Sherman Edwards was initially the sole creator of 1776 and wrote the music, the lyrics, and the book for the show. The marked folders in the archive at the American Heritage Center suggest that his notes on the show date to 1961-62, but it is probable he was working on the show earlier, presumably at least since the late 1950s.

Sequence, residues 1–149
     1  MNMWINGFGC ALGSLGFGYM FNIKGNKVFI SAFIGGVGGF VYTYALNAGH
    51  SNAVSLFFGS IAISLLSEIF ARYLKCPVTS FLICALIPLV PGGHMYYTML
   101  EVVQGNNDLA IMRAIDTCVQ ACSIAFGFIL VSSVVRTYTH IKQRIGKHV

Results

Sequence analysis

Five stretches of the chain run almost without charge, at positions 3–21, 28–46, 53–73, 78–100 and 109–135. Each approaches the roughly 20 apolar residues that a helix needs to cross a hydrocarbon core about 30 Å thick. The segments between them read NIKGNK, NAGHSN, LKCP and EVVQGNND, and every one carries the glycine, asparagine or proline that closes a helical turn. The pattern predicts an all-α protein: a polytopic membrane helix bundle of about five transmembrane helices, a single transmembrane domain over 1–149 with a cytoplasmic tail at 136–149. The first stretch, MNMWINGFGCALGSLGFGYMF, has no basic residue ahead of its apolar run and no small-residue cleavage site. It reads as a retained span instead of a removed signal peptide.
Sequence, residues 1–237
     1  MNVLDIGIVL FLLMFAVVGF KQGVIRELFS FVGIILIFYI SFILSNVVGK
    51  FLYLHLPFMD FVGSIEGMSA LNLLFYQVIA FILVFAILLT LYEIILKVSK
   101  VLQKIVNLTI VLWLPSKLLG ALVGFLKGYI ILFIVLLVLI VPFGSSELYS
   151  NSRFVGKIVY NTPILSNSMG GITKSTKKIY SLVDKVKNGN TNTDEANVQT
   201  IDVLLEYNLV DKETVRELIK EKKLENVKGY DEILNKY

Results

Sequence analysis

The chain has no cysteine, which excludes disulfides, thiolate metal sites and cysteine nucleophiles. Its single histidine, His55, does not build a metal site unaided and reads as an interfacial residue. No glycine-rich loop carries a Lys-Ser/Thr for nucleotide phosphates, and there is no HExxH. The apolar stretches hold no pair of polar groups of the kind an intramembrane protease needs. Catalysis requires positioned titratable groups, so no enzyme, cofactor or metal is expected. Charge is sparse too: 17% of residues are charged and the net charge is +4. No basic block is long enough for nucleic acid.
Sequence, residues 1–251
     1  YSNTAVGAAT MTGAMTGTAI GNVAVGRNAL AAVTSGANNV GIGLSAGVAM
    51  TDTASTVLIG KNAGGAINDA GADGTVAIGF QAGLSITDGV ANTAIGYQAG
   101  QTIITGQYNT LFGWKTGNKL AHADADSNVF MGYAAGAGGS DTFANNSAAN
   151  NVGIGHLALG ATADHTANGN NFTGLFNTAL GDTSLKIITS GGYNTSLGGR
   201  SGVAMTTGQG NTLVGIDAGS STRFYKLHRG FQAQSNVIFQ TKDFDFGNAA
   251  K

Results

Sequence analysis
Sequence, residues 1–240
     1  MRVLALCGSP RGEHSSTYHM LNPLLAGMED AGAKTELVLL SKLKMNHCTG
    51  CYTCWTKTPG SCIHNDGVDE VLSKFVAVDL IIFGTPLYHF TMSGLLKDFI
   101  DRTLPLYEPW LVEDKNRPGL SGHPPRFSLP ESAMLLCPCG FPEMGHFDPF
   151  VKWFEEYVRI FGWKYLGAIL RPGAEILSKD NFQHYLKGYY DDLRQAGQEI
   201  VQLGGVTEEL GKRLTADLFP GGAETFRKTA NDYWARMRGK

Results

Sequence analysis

After he plugged the show for theatre producer Stuart Ostrow, Ostrow agreed to produce the show, with the caveat that they bring on a new book writer, Peter Stone, to rework the book. As a result, the drafts here are exciting to look at because they show what difficult issues Edwards was thinking about before he began collaborating with Stone. For example, one of the songs I am particularly interested in, “Molasses to Rum,” is sung by Edward Rutledge, a delegate from South Carolina and details the hypocrisy of delegates from the Northern colonies who claim to be anti-slavery but participate in the slave trade. I was fascinated to learn that this song had been in Edwards’ very early drafts. I learned several important things about the song, perhaps most notably that it moved. In Edwards’ drafts it appears in Act One. Even though 1776 eventually became a musical with no intermission, it certainly appears in the latter half of the musical as it now stands and is one of the last songs. I argue that the song is placed in this prominent position to show the importance of the slavery issue, and to highlight our “founding fathers” failure to address it. Edwards’ drafts show that while it was an issue he clearly thought was important, he did not see it as the final crux of the musical, as it is now. Was this a change made by Peter Stone, or was it a change that happened organically as 1960s soldiered forward?